Revenge of the Experts: Will COVID-19 Renew or Diminish Public Trust in Science?

18 Pages Posted: 3 Jun 2020

See all articles by Cevat Giray Aksoy

Cevat Giray Aksoy

European Bank for Reconstruction and Development; King’s College London; IZA Institute of Labor Economics

Barry Eichengreen

University of California, Berkeley; National Bureau of Economic Research (NBER); Centre for Economic Policy Research (CEPR)

Orkun Saka

University of Sussex; London School of Economics & Political Science (LSE)

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Date Written: June 3, 2020

Abstract

An effect of the COVID-19 pandemic, it is sometimes suggested, will be to reverse the secular trend toward questioning the value of scientific research and expertise. We analyze this hypothesis by examining how exposure to previous epidemics affected the confidence of individuals in science and scientists. Consistent with theory and evidence that attitudes are durably formed when individuals are in their impressionable years between the ages of 18 and 25, we focus on people who were exposed to epidemics in their country of residence at this stage of the life course. Combining data from a 2018 Wellcome Trust survey of more than 70,000 individuals in 160 countries with data on global epidemics since 1970, we show that such exposure has no impact on views of science as an endeavor or on opinions of whether the study of disease is properly an aspect of science, but that it significantly reduces confidence in scientists and the benefits of their work. These findings are robust to a variety of controls, empirical methods and sensitivity checks. We suggest some implications for how scientific findings are communicated and for how scientists seeking to inform and influence public opinion should position themselves in the public sphere.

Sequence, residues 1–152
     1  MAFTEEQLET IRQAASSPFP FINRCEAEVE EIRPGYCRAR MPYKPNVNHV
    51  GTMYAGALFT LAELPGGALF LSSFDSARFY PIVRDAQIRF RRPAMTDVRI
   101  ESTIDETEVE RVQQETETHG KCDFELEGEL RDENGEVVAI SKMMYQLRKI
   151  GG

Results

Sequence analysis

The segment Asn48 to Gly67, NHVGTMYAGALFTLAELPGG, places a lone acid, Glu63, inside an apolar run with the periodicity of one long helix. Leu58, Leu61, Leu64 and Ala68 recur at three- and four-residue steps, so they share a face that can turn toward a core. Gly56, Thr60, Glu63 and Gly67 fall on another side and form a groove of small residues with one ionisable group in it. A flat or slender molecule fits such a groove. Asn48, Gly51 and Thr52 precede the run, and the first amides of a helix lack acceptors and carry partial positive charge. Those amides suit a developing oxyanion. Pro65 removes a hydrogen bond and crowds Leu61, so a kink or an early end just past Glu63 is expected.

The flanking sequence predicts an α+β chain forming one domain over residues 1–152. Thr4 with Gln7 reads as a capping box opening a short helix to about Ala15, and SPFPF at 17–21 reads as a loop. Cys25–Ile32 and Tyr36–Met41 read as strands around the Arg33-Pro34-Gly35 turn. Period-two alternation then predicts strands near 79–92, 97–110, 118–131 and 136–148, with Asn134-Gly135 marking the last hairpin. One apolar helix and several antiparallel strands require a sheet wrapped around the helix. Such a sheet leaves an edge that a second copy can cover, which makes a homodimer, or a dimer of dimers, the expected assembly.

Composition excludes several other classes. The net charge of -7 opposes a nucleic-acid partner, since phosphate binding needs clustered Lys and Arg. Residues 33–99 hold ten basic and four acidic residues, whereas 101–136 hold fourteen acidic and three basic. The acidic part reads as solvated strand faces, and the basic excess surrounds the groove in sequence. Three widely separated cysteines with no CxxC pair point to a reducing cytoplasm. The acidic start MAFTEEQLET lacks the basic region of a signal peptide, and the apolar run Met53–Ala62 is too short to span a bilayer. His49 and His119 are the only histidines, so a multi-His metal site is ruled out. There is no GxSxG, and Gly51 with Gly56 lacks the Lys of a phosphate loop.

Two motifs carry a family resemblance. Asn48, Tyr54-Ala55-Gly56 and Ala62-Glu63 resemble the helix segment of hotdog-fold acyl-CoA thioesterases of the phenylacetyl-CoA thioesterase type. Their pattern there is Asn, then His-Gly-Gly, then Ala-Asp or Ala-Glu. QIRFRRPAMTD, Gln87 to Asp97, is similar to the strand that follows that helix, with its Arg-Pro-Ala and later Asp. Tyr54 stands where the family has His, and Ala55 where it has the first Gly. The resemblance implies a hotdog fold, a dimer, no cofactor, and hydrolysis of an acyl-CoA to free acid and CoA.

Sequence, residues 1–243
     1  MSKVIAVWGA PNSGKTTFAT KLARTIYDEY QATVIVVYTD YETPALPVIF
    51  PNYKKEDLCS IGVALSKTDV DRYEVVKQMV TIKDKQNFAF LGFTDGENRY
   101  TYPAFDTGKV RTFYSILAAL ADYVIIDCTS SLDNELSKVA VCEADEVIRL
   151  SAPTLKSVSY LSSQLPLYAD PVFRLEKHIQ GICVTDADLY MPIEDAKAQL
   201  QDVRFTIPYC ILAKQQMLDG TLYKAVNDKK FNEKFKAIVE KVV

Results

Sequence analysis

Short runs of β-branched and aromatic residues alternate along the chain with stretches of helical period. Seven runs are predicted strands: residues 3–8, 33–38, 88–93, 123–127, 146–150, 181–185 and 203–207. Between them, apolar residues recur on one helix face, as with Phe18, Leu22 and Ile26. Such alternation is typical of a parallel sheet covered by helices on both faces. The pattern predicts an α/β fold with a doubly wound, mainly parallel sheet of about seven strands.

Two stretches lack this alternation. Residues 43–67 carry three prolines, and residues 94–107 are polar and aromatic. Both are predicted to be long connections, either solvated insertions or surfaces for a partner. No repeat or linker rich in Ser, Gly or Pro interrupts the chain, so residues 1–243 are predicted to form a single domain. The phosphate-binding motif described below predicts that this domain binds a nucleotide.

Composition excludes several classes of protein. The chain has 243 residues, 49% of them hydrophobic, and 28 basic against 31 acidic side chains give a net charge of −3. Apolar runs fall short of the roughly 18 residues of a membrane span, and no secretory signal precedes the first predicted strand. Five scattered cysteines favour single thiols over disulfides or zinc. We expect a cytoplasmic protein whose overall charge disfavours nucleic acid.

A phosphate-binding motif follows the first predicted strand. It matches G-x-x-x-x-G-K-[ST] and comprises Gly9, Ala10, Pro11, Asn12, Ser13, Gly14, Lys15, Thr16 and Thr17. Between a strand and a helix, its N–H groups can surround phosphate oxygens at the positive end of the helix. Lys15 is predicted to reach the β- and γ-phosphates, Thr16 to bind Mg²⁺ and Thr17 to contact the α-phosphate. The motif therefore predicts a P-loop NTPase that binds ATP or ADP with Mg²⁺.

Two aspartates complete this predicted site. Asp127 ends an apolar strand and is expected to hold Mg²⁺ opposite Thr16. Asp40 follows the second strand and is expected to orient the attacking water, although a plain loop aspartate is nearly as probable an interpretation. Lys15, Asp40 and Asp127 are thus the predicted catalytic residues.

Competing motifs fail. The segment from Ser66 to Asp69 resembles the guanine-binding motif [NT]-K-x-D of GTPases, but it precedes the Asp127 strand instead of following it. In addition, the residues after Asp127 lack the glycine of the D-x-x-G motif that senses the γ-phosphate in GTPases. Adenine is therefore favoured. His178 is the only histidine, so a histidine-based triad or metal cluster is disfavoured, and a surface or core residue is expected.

Keywords: COVID-19, trust, science, impressionable years

JEL Classification: E60, F59

Suggested Citation

Aksoy, Cevat Giray and Eichengreen, Barry and Saka, Orkun, Revenge of the Experts: Will COVID-19 Renew or Diminish Public Trust in Science? (June 3, 2020). EBRD Working Paper No. 243, Available at SSRN: https://ssrn.com/abstract=3617825 or http://dx.doi.org/10.2139/ssrn.3617825

Cevat Giray Aksoy (Contact Author)

European Bank for Reconstruction and Development ( email )

One Exchange Square
London EC2A 2JN
United Kingdom

King’s College London ( email )

Aldwych
London, WC2A 2AE
United Kingdom

IZA Institute of Labor Economics ( email )

P.O. Box 7240
Bonn, D-53072
Germany

Barry Eichengreen

University of California, Berkeley ( email )

310 Barrows Hall
Berkeley, CA 94720
United States

National Bureau of Economic Research (NBER)

1050 Massachusetts Avenue
Cambridge, MA 02138
United States

Centre for Economic Policy Research (CEPR)

London
United Kingdom

Orkun Saka

University of Sussex ( email )

Sussex House
Falmer
Brighton, Sussex BNI 9RH
United Kingdom

London School of Economics & Political Science (LSE) ( email )

Houghton Street
London, WC2A 2AE
United Kingdom

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